Despite imminent risk of fire or explosion, Marine Capt. Trey Kennedy raced through flying debris to help rescue four victims of a NATO helicopter crash in Afghanistan a year ago, an act that has earned him the Navy and Marine Corps Medal for Heroism, the highest non-combat decoration awarded for heroism by the two branches of military service.
Kennedy, a Clemson and Wren High School graduate, will be honored in a ceremony before Clemson’s rivalry game with South Carolina on Saturday and presented with the medal on the field during the game, according to the Marines.
The citation describes how Kennedy risked his life to save four others in the helicopter crash in Kabul on Oct. 11, 2015.
“Standing in several inches of jet fuel, Capt. Kennedy was able to reach through the window to remove a passenger’s seatbelt, then moved back inside to pull him out the passenger door,” it says. “He freed another passenger and handed her out of the helicopter, then discovered at least one more responsive passenger trapped in the wreckage.
“Recognizing it would be impossible to remove him, Capt. Kennedy went to the back of the aircraft and began cutting through the skin with a firefighting tool,” the citation says.
After firefighters arrived, he stayed to make sure their power lines didn’t come in contact with the fuel covering the area.
He then helped remove three other passengers before receiving medical attention himself.
“Capt. Kennedy’s bold leadership, wise judgment, and selfless dedication to duty reflected great credit upon him and upheld the highest traditions of the Marine Corps and the United States Naval Service.”
Kennedy downplayed the heroism in a conversation with The Greenville News.
“That's what Marines do,” he said. “No biggie.”
It was a pretty big deal to Col. Laurel "Buff" Burkel, one of the passengers in the helicopter who Kennedy rescued.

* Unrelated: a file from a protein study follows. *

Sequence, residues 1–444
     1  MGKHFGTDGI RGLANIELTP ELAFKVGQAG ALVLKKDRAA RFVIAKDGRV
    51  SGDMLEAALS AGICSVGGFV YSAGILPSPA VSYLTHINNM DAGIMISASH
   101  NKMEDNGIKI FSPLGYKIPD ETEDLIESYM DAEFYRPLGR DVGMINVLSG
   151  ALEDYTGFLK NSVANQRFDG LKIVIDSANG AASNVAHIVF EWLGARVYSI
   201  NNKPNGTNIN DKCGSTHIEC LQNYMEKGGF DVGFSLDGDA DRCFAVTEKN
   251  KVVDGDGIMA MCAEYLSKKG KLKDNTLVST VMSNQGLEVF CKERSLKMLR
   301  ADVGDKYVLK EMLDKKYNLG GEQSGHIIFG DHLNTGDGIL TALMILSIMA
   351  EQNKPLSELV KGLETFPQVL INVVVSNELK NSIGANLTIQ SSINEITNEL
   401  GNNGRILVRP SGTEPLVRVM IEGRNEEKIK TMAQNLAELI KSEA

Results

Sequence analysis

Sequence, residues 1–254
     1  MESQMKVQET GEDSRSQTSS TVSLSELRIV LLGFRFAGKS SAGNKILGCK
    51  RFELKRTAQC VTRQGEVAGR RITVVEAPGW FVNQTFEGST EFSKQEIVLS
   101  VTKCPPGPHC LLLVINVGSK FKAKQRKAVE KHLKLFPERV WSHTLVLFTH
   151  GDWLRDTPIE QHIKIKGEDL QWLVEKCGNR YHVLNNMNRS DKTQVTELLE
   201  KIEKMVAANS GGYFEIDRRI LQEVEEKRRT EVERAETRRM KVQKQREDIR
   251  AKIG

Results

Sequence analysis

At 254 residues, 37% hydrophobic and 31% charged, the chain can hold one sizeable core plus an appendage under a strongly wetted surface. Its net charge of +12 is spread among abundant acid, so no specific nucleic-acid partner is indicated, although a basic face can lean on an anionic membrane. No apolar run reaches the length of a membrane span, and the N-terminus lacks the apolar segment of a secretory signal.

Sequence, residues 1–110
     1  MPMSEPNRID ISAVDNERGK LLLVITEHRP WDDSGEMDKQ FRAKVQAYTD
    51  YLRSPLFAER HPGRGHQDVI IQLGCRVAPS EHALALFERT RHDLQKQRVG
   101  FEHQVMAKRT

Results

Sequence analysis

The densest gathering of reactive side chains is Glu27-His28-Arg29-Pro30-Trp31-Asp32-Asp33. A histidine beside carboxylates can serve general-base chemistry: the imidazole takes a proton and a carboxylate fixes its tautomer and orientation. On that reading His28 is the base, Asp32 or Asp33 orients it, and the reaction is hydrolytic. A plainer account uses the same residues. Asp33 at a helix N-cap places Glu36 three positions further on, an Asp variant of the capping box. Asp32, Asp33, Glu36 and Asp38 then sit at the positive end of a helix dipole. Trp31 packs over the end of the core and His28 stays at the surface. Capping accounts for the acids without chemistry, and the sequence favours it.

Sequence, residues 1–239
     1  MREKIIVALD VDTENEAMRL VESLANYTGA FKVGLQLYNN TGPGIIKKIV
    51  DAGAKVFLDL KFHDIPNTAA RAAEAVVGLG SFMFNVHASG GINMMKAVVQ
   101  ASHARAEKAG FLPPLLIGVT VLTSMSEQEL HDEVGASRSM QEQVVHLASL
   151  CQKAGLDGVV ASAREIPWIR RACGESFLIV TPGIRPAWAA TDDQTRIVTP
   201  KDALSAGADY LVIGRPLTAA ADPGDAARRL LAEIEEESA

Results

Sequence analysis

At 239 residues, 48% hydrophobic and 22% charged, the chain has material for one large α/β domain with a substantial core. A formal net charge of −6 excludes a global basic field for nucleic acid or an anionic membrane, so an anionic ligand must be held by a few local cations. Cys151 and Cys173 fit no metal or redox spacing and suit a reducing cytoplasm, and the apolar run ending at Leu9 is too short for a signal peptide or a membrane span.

She doesn't remember anything about what happened, other than that the helicopter struck a wire as it was making a landing in a short flight from Kabul International Airport to NATO headquarters in Afghanistan, where the British MK-2 Puma helicopter went down.
Five of the nine passengers -- all of the ones on the righthand side of the craft -- were killed. Burkel broke her neck but has made a complete recovery, she said.
She was able to meet Kennedy while she was recovering in Germany and he was on his way home from deployment.
“It was pretty powerful to meet the person who saved your life," she said.
She said he told her she would have done the same for him.
“We like to think we would take care of each other," she said.
He was able to fill in some of the gaps in her memory of what happened, she said.
“I’m really glad to hear that Trey is being recognized,” she said. “If it wasn’t a holiday weekend I would certainly have tried to come out.”
Where and when
Marine Capt. Trey Kennedy will be honored in a 5 p.m. ceremony at the Clemson University Scroll of Honor, across the hill outside Memorial Stadium.
During a time out in the first quarter, the 2008 Clemson grad will be presented his medal, according to the Marines.